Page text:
Australian Native Shrubs for Dry and Alkaline Areas

I will write these lists and gradually add to them and add further information. Around our own yard we have these medium to tall shrubs growing. They tend to be in windbreaks. It is always better to have multiple heights in plants in windbreaks, tall trees, medium trees and tall shrubs, and a few smallershrubs to create layers. There are less wind tunnels if this is done.

  • Acacia iteaphylla (Flinders Range Wattle)
  • Acacia aneura (Mulga)
  • Hakea laurina (Pincushion Hakea)
  • Hakea multilineata
  • Melaleuca lanceolata
  • Melaleuca uncinata
  • Callitris priessii sub species canescens (Native Pine)
  • Grevillea pinaster in its tall forms. The Honeyeaters love this as well as the Hakeas.
  • Melaleuca nesophylla
  • Melaleuca huegelii (Chenille Honey Myrtle)
  • Melaleuca armillaris
  • Grevillea olivacea

I am visualising what I remember growing around the town and in other towns with similar conditions. These lists will go on forever as I remember species.


7 Responses to “Australian Native Shrubs for Dry and Alkaline Areas”

  1. Tony F says:

    Fantastic list – please keep going. I need all the information about dry and alkaline soils I can get. You have obviously researched carefully because I have had considerable success with several of the natives you mention – eg. Hakea laurina, Melaleuca armillaris and Grevillea olivacea. Others not mentioned that seem to be doing well include Grevillea pressii and G. Winparra Gem and related cultivars. Also Dryandra formosa, Correa alba and Alogyne hueglii are all thriving on my limestone soils at Kangaroo Island.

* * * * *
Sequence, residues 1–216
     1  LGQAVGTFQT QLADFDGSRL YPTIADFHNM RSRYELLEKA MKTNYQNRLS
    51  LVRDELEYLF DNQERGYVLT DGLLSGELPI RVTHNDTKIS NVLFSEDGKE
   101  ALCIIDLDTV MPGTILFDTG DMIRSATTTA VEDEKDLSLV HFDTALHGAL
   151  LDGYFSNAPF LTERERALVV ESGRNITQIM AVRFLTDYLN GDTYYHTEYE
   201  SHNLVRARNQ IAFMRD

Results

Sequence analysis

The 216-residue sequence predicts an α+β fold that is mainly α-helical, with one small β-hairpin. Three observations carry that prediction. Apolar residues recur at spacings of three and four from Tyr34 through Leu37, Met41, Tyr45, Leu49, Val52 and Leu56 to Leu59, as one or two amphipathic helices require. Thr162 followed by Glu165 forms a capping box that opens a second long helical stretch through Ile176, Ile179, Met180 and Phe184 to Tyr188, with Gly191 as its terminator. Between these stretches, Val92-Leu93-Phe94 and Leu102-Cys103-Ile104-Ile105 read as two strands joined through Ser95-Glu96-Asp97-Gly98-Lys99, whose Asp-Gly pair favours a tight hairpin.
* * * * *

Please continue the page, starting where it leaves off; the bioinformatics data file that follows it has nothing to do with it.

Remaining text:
2. Corinne says:

    When I saw what I had written, I realised that I had intended doing several lists based on the height of the plants. This has been a memory jogger!

  3. john says:

    I am studying Certificate level 4 in Horticulture Parks and Gardens and have established a drought proof garden in the house next door which I used to rent from my cousins, who have since sold the place.There needs to be a comprehensive list of Australian plants easily located on the internet- very handy

  4. Bernice says:

    There is an excellent guide to vegetation of South Australian southern agricultural districts, that associates plants within their communities. Very helpful if you are wanting to restore a site or a home garden!

  5. Bernice says:

    Its Mangrove to Mallee, by Todd Berkinshaw. Available with Trees for Life and Adelaide Botanic gardens amongst others.

  6. sycova says:

    Where would you find an example in seed or plant of the more not so readily avaliable varietys mentioned here,i live in the Adelaide hills area. Much Thanks

    • Corinne says:

      The plants on that list are usually readily available. The Australian Plants Society plant sale will have them at the next sale 28th and 29th April 2012. Also see State Flora at Belair or Murray Bridge. You will find examples of some the species growing at the nurseries. Seed is available from Blackwood Seeds or Nindethana Seed Co. See their websites.

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